It's been almost a year and five months since two women, asleep in their small South Park home on a hot night in the middle of the summer, were awakened by a man who had climbed in through an open window. The women: Teresa Butz and her partner, whom she was planning to marry. The man, according to prosecutors: Isaiah Kalebu.

He was armed with a knife. He raped both women, stabbed them repeatedly, and then fled as Butz broke through her bedroom window and ran, naked and screaming and bleeding, into the street.

Butz's partner ran, too, out the front door of the house, also naked, also screaming, also bleeding. She shouted into the darkness, crying out what had happened to them. Butz collapsed on the concrete, bleeding. People on the block say Diana Ramirez, 14, the daughter of a neighbor across the street, was the first to get to the couple. Ramirez tried to stop Butz's bleeding with towels and her own clothes. She couldn't.

Butz died there, in front of her house, in front of her partner and her neighbors, pleading for people to tell her mother she loved her and saying: "He told us if we did what he asked us to do, he wouldn't hurt us. He lied."

Last night in Ballard, at the Tractor Tavern, Teresa's partner took the stage.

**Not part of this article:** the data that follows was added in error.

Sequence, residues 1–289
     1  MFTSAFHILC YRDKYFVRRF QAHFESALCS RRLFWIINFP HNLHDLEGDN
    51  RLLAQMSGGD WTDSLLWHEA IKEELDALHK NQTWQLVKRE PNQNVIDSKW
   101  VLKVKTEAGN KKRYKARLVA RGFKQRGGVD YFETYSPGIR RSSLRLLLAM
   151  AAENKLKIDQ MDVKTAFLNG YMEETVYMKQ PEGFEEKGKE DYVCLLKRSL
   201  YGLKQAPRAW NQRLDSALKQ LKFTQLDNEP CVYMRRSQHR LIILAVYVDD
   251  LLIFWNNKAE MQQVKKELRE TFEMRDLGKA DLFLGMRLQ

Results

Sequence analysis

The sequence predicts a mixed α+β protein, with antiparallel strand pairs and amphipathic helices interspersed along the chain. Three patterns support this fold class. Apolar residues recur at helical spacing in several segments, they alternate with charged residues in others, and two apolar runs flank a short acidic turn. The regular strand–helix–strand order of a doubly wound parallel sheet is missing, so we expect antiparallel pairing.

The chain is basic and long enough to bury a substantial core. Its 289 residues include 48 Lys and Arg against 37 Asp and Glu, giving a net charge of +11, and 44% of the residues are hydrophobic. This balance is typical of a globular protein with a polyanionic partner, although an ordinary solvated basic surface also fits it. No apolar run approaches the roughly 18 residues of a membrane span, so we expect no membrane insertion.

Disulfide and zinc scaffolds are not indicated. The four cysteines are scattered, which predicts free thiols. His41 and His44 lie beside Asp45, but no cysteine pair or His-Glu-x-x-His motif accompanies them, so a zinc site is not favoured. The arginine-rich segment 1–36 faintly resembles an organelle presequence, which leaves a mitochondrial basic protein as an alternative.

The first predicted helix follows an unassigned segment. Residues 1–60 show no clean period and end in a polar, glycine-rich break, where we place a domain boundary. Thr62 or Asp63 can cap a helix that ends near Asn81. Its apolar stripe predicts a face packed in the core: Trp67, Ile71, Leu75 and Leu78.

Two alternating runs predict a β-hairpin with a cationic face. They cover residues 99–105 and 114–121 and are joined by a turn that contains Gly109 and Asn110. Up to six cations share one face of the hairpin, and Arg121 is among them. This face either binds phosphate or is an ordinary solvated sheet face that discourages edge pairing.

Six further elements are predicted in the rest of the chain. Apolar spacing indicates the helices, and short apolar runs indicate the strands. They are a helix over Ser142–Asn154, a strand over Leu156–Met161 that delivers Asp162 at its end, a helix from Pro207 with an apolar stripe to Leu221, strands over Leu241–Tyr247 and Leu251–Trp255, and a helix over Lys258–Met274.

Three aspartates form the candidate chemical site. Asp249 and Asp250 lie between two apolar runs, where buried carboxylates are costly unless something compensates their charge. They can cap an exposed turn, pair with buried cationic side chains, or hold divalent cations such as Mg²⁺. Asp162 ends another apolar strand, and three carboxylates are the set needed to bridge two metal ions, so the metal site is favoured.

If that seems impossible given what she's been through, then you have underestimated Teresa's partner. She was the most poised person in the room. Others cried. She sang.

She has a tremendous voice, stunning in its clearness of purpose, and she is committed to using that gift to celebrate the gift of Teresa's life. She's also using it to raise money for The Voices and Faces Project, whose mission is "to give voice and face to rape survivors, offering a sense of solidarity and possibility to those who have lived through abuse, while raising awareness of how this human rights and public health issue impacts victims, families and communities."

The performance last night was a result of another project, the Angel Band Project, in which friends and family of Teresa's partner—a number of them musicians and performers—came together after her death to create an album called Take You With Me.

It's selling here, and benefits the same project as last night's packed show at the Tractor.